Warrior and Afghan sunset a winning mix

Pictured:Private Ross Cunningham from 1SCOTS cleaning his personal weapon at FOB Shawqat after a patrol to an ANA checkpoint.''Delta Company The 1st Battalion Royal Regiment of Scotland (1SCOTS), based at Forward Operating Base Shawqat are part of the Brigade Advisory Group (BAG) for Op HERRICK 17.The ��Jocks�" as they are affectionately known are there to Mentor and Advise the Afghan National Army (ANA) in conducting operations within Helmand Province.

Pictured:Private Ross Cunningham from 1SCOTS cleaning his personal weapon at FOB Shawqat after a patrol to an ANA checkpoint.''Delta Company The 1st Battalion Royal Regiment of Scotland (1SCOTS), based at Forward Operating Base Shawqat are part of the Brigade Advisory Group (BAG) for Op HERRICK 17.The ��Jocks�" as they are affectionately known are there to Mentor and Advise the Afghan National Army (ANA) in conducting operations within Helmand Province.

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A Jedburgh soldier took his camera into the firing line and his shots have made him the army’s top photographer of the year.

Corporal Jamie Peters’ six images scooped the professional portfolio award and a picture of troops operating at sunset was judged to be the best professional operational image.

Pictured: Sappers from 21 Engineer Regiment working as the sun sets, to de-construct a Hesco Bastion building in Patrol Base Nahidullah. The base which was home to Burma Company 1 LANCS was completely stripped down and the land handed back to the farmer.''The LANCS were the first of the 500 troops to leave Afghanistan after the Secretary of State announced they would not complete the full six month tour.''''Photo credit to read: Cpl Jamie Peters RLC

Pictured: Sappers from 21 Engineer Regiment working as the sun sets, to de-construct a Hesco Bastion building in Patrol Base Nahidullah. The base which was home to Burma Company 1 LANCS was completely stripped down and the land handed back to the farmer.''The LANCS were the first of the 500 troops to leave Afghanistan after the Secretary of State announced they would not complete the full six month tour.''''Photo credit to read: Cpl Jamie Peters RLC

But it was his stunning capture of a tattooed soldier from the Royal Scots Borders cleaning his equipment that was judged the best photograph taken by any army soldier – whether a professional or amateur cameraman.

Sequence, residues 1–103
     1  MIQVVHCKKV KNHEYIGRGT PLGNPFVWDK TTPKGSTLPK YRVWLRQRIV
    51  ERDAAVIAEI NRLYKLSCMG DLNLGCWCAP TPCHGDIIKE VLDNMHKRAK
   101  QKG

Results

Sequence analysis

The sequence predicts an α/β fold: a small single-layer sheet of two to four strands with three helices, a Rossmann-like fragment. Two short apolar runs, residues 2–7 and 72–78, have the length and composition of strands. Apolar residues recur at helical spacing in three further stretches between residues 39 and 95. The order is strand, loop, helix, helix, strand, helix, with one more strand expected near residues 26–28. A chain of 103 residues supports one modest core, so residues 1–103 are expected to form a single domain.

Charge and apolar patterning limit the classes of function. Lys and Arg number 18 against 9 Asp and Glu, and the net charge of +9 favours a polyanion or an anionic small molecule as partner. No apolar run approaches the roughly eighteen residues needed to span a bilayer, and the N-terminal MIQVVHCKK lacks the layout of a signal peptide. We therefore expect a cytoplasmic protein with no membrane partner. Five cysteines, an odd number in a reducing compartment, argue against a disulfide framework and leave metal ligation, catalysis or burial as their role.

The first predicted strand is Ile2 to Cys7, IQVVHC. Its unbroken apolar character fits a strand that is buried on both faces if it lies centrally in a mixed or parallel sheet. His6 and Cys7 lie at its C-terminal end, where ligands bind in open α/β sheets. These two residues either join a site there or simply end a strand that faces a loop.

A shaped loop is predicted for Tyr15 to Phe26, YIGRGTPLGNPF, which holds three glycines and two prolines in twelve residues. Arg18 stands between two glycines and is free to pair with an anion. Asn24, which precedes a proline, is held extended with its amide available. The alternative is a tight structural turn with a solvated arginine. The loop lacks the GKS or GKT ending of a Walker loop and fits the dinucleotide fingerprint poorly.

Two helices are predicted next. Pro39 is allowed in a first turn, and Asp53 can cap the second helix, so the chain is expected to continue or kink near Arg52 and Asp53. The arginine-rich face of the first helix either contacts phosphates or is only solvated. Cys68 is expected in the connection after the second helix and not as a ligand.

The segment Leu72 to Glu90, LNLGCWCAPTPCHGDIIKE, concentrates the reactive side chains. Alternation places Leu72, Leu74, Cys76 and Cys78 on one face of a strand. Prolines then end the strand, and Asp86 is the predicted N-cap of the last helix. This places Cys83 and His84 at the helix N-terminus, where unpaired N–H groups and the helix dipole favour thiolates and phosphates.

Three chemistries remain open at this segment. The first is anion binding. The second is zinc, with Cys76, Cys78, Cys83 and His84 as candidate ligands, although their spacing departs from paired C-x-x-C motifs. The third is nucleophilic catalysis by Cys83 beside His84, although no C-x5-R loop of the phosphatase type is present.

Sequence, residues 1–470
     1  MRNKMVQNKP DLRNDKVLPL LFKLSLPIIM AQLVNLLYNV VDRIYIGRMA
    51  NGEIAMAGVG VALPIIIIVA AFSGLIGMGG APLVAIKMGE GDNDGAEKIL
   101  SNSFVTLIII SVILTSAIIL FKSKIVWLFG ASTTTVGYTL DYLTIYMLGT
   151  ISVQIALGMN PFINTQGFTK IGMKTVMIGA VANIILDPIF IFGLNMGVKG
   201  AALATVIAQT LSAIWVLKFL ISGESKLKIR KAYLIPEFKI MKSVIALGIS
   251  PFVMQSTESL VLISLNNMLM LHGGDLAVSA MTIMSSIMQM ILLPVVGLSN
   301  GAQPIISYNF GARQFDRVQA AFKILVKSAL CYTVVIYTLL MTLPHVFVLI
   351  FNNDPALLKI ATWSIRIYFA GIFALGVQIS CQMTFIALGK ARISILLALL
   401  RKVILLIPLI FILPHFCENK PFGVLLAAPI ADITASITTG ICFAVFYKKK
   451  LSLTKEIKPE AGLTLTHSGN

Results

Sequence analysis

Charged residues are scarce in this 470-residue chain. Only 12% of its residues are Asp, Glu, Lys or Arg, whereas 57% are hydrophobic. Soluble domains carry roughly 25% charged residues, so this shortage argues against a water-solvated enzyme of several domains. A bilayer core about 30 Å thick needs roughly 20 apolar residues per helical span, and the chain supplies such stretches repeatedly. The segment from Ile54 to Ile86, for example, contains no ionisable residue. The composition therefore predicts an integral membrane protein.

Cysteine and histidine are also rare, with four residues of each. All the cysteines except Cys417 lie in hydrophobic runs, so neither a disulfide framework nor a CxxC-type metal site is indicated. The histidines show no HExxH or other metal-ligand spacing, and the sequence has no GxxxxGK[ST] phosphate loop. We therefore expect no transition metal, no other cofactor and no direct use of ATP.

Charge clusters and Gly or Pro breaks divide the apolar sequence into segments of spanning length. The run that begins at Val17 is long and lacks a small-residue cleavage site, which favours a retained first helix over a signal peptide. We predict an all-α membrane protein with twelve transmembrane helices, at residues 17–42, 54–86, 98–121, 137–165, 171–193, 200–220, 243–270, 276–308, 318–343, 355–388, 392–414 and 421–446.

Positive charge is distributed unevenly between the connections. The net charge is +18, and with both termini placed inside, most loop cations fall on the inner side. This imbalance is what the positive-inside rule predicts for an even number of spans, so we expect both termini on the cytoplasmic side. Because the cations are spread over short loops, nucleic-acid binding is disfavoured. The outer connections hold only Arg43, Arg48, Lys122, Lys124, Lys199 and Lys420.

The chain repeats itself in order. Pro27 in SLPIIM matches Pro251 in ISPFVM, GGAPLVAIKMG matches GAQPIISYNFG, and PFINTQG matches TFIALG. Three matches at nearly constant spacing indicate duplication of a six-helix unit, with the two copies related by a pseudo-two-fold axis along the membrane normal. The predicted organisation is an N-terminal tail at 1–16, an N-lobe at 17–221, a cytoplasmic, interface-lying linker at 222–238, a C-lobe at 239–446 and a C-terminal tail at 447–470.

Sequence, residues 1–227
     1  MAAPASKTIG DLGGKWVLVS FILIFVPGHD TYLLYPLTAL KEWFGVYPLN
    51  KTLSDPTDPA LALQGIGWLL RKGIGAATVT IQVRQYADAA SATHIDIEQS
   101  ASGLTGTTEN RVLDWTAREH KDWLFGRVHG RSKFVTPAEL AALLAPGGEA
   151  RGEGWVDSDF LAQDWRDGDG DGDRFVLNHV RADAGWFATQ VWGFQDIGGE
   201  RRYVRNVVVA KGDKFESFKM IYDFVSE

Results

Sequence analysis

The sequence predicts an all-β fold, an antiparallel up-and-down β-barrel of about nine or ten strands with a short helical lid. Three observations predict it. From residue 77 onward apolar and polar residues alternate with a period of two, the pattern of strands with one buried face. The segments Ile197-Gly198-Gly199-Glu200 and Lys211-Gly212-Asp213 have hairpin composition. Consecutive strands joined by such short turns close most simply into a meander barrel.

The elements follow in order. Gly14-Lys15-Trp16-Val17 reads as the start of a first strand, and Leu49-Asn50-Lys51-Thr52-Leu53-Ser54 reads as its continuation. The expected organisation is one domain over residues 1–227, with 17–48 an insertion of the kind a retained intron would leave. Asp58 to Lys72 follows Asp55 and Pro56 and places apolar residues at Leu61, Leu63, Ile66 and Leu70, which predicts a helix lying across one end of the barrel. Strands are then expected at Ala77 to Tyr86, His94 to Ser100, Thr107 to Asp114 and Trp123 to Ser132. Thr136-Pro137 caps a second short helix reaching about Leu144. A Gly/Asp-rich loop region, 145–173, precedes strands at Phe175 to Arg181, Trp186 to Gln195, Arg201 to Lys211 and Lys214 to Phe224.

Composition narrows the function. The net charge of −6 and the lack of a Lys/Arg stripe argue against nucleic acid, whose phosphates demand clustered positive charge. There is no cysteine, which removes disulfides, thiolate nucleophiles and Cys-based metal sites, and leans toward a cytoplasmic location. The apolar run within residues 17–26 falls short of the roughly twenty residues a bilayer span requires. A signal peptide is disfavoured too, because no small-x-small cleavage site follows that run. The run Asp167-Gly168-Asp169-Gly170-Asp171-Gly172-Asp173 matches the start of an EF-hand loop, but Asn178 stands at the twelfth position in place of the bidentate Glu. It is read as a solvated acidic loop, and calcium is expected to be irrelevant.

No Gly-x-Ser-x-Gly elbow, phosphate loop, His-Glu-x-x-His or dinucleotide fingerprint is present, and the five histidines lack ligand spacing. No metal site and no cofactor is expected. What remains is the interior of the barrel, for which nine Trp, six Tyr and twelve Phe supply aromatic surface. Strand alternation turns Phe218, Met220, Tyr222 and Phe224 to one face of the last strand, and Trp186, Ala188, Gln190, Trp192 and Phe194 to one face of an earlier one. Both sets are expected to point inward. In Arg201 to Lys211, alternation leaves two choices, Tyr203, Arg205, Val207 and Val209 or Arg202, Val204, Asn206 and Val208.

The former Jedburgh Grammar pupil took the photographs while serving with the Royal Logistic Corps during a six-month tour of war-torn Afghanistan.

Corporal Peters , 34, commented: “Being on the combat camera team, I was able to see so much of the work that British troops do in Afghanistan.

“Everywhere we went there was a story to tell – from the experiences of the private soldier up to the HQ level of planning and executing the missions.

Jamie Peters - winner of the Army's photographic competition - tracking wildlife at home in the Borders IN 2004

Jamie Peters - winner of the Army's photographic competition - tracking wildlife at home in the Borders IN 2004

“Our tour was all about transition and redeployment. We covered a large number of base closures and handovers to the Afghan National Security Forces, as well as partnered operations with them.”

Jamie joined the Corps of Royal Engineers as a fitter aged 20, after four years in a local kilt-making mill. He was deployed to Afghanistan, Northern Ireland and Belize. He completed a military photographic course at RAF Cosford and became an official army photographer in February 2011.

His dad John is a professional photographer as well as being a director of Jedburgh -based toolmakers, Starrets.

He told TheSouthern: “When Jamie was a lad we covered many miles exploring the border countryside. Our regular haunts included Davie’s Pond, the Boog, Hartrigge House and Timpendean Wood.

I was extremely pleased and relieved when Jamie said he was applying for a photography course while serving in the Royal Engineers. Afghanistan is a dangerous place for all the serving troops but deep down I was hoping there would be less risk for Jamie working as a battalion photographer.

“I’m so proud of Jamie and his achievements. He’s worked very hard at his photography, both in the army and in his spare time where his real passion is photographing wildlife and nature.

“His portfolio includes superb photographs of birds and wildlife, and like me, he has developed a passion for studying and photographing badgers.

“Jamie watched his first badger surface from its sett on Edgerston estate. To win three awards in his first attempt at the army photographic competition is an outstanding achievement.”